Blue Jays Push Chips to Middle, Acquire David Price

Well, if you weren’t sure if the Blue Jays were really going for it or not, here’s your answer. A few days after acquiring Troy Tulowitzki, Toronto has shipped out pitching prospects Daniel Norris, Jairo Labourt, and Matt Boyd to rent the last few months of David Price’s 2015 season, giving them the #1 starter they’ve lacked all season, and a dramatic upgrade to a rotation that was mediocre at best, and extremely thin at the back-end. While Price can’t single-handedly solve all of their pitching issues, he’s still a dramatic upgrade that makes the team far more likely to advance deep into the playoffs than they were this morning.

Like with the Johnny Cueto deal, the price for a rental was pretty steep, costing the Jays a couple of guys who could pitch in the big leagues next year, plus have some long-term upside. In his pre-season Top 200, Kiley McDaniel put a 60 FV grade on Norris, ranking him the #17 overall prospect, two spots ahead of some guy named Noah Syndergaard. Norris struggled some this year, both in the majors and in Triple-A, but he’s the best prospect moved in any deadline trade so far.

And Labourt and Boyd aren’t just throw-ins. Labourt ranked 12th on the Blue Jays list, based on big velocity from a left-handed arm, and Boyd has dramatically improved his stock by seeing his stuff takes several steps forward this year. When asked about Boyd in a chat last month, Kiley said this:

Just talked to a scout that saw him a few weeks back. His velo jumped this year from 88-92 t94 to 91-94 t96 and the solid average off-speed is now above average, sometimes flashing better. He signed for 75K as a senior from Oregon State who had his velo bump as a senior, then again two years later. Basically unprecedented as far as I know. He’s at least a high 45 FV now, probably closer to 50 FV. When the scout was telling me what he saw, I made him repeat everything because it was so hard to believe.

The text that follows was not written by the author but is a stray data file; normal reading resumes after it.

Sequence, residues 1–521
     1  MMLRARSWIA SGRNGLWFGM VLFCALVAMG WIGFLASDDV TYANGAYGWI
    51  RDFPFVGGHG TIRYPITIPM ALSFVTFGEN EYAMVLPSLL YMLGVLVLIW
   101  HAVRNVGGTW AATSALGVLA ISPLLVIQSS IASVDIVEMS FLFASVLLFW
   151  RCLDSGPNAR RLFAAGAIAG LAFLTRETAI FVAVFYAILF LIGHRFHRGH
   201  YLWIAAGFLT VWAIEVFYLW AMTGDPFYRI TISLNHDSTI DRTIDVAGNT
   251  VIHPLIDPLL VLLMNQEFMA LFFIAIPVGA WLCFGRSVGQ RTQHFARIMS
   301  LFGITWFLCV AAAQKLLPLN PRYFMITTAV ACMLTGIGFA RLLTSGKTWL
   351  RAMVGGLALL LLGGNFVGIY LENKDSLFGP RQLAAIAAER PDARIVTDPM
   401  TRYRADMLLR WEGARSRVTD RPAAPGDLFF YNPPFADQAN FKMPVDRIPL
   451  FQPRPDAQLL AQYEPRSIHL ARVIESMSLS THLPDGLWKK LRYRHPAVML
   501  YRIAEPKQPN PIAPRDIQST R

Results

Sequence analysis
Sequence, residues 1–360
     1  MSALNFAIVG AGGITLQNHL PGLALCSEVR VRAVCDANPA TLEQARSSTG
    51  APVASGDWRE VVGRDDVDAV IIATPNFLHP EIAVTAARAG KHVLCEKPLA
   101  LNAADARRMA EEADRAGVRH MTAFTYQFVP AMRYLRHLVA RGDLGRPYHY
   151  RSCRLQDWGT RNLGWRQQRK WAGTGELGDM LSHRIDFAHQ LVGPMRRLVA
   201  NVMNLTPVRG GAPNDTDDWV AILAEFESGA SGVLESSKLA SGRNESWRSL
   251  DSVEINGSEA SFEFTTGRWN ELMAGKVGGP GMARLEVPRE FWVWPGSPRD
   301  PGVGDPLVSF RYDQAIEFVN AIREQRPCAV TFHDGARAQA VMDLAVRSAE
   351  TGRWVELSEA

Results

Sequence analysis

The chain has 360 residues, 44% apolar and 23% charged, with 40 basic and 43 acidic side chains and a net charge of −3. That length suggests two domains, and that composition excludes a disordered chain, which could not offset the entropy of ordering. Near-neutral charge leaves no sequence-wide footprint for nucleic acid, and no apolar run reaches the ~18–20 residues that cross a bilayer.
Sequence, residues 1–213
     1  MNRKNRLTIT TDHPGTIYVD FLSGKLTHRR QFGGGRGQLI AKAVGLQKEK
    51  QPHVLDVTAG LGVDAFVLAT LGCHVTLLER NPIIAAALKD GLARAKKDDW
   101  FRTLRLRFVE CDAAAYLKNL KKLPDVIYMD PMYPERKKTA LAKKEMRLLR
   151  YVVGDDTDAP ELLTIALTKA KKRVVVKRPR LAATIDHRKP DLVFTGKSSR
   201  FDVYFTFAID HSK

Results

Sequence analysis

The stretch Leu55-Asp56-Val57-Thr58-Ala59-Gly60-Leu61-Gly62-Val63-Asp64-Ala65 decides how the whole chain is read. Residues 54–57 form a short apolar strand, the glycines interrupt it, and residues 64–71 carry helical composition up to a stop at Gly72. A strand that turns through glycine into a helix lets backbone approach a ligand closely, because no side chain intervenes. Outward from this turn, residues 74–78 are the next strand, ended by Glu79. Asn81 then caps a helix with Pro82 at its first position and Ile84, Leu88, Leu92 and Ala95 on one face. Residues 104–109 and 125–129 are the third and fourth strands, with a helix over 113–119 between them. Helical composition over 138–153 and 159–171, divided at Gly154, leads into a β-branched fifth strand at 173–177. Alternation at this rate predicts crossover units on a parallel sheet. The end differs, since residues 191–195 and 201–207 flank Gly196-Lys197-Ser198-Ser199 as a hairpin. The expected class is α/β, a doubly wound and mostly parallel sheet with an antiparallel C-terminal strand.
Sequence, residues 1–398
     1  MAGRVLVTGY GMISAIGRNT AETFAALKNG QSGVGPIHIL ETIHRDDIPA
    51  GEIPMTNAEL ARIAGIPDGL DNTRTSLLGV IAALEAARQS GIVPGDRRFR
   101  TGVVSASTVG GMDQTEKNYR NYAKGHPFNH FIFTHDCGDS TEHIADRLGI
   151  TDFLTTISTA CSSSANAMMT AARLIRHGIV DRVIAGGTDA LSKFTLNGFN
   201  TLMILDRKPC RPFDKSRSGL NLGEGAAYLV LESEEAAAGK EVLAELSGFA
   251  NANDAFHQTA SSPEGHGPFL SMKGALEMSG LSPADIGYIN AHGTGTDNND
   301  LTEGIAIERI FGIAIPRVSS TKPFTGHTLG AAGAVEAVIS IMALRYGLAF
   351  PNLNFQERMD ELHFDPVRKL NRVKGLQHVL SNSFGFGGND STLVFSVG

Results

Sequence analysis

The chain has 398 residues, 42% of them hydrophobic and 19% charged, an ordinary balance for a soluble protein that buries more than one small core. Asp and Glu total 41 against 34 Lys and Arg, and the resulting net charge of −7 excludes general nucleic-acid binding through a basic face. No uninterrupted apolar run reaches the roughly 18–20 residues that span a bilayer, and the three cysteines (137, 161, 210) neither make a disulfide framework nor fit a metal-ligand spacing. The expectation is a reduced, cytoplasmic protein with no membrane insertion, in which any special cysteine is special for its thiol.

A 55/60 FV guy in Norris, a 45/50 guy in Boyd, and a 45 guy in Labour puts this package even a step ahead of what the Royals paid to get Johnny Cueto, and significantly thins out the Blue Jays stockpile of young arms, already weakened by Monday’s deal for Tulowitzki. Unquestionably, the Jays have decided that their window to win is now, and they weren’t content to just see whether this group could run down a Wild Card spot without significant reinforcements.

Clearly, they’re going to need to do more than just reach the play-in game for this to be worth the cost. Price’s potential impact, though, makes this a deal worth doing, even if paying this cost for a rental is likely to be painful in the long-run.

The upgrade from Norris/Boyd to Price over the rest of the season will add roughly +1.5 WAR to the Blue Jays ledger, and given the dog fight they’re in for the AL Wild Card, the marginal value of those extra wins is remarkably high. For instance, here are our estimated Playoff Odds from right before the algorithm knew that the Jays had David Price, and right after.

Trade DIV WC POFF WC ALDS ALCS WS
Without Price 7.5 26.1 33.6 12.9 10.0 4.9 2.4
With Price 12.2 32.8 45.0 17.3 15.6 8.6 4.5

By adding Price, the Jays saw their playoff odds spike by 11 percentage points, and their odds of getting to and winning the World Series nearly doubled. But even just quoting that upgrade is probably underestimating the impact Price can have if the Blue Jays can get deep into October. A lot of the focus is going to be on giving them an ace to hand the ball to in the Wild Card game –and certainly, Price is a much better option for that winner-take-all contest than Mark Buehrle or R.A. Dickey — but I think he actually has a larger impact in the later rounds of the postseason, when an elite hurler can throw a disproportionate number of a team’s critical innings.

In the regular season last year, Madison Bumgarner threw 217 of the Giants 1,449 innings pitched, or 15% of their team total. Last October, the Giants played in 160 postseason innings; Madison Bumgarner pitched 53 of them, or 33% of their total. That was obviously an extreme situation, and no one can be expected to dominate October like Bumgarner did, but it was a very clear example of how teams can reallocate innings to their best arms in the postseason.